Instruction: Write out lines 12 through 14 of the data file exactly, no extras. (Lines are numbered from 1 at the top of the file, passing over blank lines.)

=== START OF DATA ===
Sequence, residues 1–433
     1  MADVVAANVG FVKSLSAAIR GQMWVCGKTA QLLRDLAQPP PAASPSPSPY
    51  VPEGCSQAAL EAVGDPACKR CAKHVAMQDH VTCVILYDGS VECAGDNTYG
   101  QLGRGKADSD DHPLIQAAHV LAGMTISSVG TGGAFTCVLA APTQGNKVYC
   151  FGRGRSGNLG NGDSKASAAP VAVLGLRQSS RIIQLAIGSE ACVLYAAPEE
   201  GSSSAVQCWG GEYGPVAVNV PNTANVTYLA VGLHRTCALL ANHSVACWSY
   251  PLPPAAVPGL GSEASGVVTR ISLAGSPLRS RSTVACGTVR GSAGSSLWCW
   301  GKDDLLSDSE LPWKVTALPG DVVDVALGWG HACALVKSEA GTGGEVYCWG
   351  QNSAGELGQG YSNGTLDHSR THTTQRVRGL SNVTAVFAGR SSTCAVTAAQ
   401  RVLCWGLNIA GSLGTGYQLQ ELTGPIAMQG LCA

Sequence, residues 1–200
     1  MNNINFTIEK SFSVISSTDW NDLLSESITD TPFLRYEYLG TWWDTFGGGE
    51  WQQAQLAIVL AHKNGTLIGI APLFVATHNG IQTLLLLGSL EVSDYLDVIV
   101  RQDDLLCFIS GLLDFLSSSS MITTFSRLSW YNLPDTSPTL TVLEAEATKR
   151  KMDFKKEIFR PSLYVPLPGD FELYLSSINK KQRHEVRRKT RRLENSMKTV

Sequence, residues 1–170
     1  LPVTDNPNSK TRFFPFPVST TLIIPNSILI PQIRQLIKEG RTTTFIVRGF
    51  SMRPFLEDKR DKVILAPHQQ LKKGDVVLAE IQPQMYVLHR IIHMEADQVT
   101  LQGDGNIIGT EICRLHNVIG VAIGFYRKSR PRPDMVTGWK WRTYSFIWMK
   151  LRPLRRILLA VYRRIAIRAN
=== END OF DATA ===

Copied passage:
     1  MNNINFTIEK SFSVISSTDW NDLLSESITD TPFLRYEYLG TWWDTFGGGE
    51  WQQAQLAIVL AHKNGTLIGI APLFVATHNG IQTLLLLGSL EVSDYLDVIV
   101  RQDDLLCFIS GLLDFLSSSS MITTFSRLSW YNLPDTSPTL TVLEAEATKR